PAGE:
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Freewrite—a distraction-free typewriter for hipsters

February 25, 2016

The Freewrite in use and on the go.—Astrohaus

The Astrohaus Freewrite is billed as the world’s first smart typewriter. (it’s certainly not.) What it is, specifically, is a very high-quality mechanical keyboard in a nearly indestructible cast aluminum housing, that is connected to a tiny E paper display that reads perfectly in direct sunlight. The Freewrite will store whatever a user types in its tiny internal storage as well as syncing it, with the flick of a switch, via Wi-Fi to a cloud service.

And that, as they say, is just about all she wrote. Anything more, would be too much for the sort of “distraction-free writing tool”, which  its makers, Astrohaus, designed the Freewrite to be.

Finally, an Etch-A-Sketch for “writers”!


The chassis looks like plastic but it’s cast aluminum.—Astrohaus

Freewrite specifications

  • Build: cast aluminum chassis, all-mechanical switches and keys, with built-in handle.
  • Weight: about 1.8kg.
  • Footprint: roughly 298mm x 237mm x 70mm.
  • Colour: many promo photos show red but it’s currently only available in black.
  • Display: black and white front-lit E Ink screen measuring “roughly 5.5” diagonally”.
  • Keyboard: full-size, with mechanical switches; available as either ANSI or ISO.
  • Keycaps: standard QWERTY  that can be swapped for available key sets.
  • Language support: ten, with more on the way.
  • Battery: rechargeable Li-ion, lasts 3-4 weeks, with Wi-Fi turned off and 30 minutes daily use.
  • Charging: about 4 hours, using a standard USB Type-C port.
  • Internal storage: “for over one million pages” (which I estimate as 4GBs).
  • Saving: documents are automatically stored as raw ASCII text files (“txt”).
  • Exporting: Wi-Fi sync to cloud storage (Dropbox, Evernote, Google Drive, with iCloud soon) via Astrohaus’ Postbox account.

The Astrohaus Freewrite went on sale globally (except for North Korea) on February 23 for USD$563.87. it is the realization of a successful Kickstarter campaign that raised USD$342,471 from over 1000 backers, in order to produce a “distraction-free smart typewriter”, originally to be called a “Hemmingwrite”.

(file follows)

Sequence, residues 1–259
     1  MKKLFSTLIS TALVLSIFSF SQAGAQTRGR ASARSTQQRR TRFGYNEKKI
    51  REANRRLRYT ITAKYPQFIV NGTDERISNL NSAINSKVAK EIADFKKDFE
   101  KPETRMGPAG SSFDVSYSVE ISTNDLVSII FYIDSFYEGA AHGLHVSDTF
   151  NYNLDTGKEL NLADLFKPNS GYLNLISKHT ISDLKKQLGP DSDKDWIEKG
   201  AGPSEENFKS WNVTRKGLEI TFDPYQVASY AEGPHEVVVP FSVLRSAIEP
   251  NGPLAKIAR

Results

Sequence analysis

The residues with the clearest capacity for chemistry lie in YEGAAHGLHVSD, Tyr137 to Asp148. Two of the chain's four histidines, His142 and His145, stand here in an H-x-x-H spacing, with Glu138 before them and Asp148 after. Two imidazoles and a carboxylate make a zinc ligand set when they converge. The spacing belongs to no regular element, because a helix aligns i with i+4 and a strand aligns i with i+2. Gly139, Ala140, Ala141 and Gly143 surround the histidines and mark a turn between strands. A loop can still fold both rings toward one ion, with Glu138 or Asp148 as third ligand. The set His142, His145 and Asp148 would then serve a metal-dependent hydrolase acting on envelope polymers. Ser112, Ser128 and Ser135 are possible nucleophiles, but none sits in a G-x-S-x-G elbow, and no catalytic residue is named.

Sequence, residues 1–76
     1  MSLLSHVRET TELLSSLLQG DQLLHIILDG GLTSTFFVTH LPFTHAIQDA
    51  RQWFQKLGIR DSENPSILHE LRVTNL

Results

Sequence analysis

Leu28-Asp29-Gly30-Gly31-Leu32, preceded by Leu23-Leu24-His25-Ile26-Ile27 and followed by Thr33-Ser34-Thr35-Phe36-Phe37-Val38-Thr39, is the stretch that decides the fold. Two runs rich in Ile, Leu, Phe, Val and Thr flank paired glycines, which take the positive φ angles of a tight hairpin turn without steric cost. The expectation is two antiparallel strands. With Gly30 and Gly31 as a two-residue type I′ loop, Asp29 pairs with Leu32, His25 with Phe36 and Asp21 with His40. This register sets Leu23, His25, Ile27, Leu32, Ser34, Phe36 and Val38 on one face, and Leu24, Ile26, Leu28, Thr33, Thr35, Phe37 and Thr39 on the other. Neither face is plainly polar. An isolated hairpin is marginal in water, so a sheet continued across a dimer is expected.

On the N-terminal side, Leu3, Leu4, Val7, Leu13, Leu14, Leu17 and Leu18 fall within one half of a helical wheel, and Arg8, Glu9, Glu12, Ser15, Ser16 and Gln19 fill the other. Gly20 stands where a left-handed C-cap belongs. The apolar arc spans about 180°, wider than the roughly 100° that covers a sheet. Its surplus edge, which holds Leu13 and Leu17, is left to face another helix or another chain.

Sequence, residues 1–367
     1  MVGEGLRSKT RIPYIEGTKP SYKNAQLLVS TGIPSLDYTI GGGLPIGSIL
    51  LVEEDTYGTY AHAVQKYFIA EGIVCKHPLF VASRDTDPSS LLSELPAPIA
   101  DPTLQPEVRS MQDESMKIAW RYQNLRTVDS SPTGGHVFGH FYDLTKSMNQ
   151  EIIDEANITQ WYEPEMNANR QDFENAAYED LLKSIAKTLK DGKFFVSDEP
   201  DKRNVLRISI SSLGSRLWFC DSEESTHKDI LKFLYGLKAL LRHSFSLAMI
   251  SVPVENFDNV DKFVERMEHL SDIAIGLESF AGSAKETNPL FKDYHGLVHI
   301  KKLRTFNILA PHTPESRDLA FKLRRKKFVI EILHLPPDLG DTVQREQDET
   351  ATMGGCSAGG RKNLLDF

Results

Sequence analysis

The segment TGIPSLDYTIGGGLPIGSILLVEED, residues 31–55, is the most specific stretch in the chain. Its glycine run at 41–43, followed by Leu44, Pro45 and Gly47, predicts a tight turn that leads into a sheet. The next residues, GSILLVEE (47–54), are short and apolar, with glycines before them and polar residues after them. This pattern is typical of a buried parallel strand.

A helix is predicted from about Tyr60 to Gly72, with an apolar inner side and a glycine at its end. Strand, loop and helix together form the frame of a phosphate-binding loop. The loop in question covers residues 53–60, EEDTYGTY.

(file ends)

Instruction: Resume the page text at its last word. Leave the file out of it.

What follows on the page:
The distraction-free writing crowd would have people believe that the reason they can’t write is because their computers won’t let them — either their word processing software has too many bells and whistles or the Internet beguiles them with too many distractions.

Therefore the Freewrite has the minimum features necessary—and no direct user access to the Internet—in order to make the best writing tool that money can buy.

Taking the machine at face value, I have to say that that it’s missing a few too many features and is too dependent on Wi-Fi and Astrohaus’ servers to ever be my go-to, go-anywhere writing machine.

  • There is no spellcheck or dictionary.
  • The keys are not backlit for outdoor writing in the evening or at night.
  • There is no SD card support.
  • There is no clear way to sync files with a local computer.
  • The Freewrite is not described as being water-resistant.
  • All files must go through Astrohaus’ Postbox account on their way to your cloud storage provider, so would it brick the $500 Freewrite if the company went under?
  • With no Internet browser, how would a person sign in to the free Wi-Fi in a coffee shop or library to sync their writing to the cloud?

An object of desire to show off just what a writer you are

Astrohaus, in its press kit, describes its target audience as professional and aspiring writers—novelists, bloggers, journalists, journalers, lawyers, songwriters, playwrights, poets, business executives, and others.

I would agree with “aspiring” but I take issue with the idea that the Freewrite is designed for professionals.

The truth is that professional writers can (by definition) buckle down as needed and tune out distractions in order to get their job done. It’s amateurs who can’t and who then turn around and blame their tools.

As far as I’m concerned, this thing is aimed squarely at amateurs, dilettantes and hipsters, all with more money than, um, patience.

In its atavistic appeal to a retro solution (almost to the point of parody), Astrohaus’ Freewrite is to writing what a pricey and aggressively retro Lumography camera is to photography.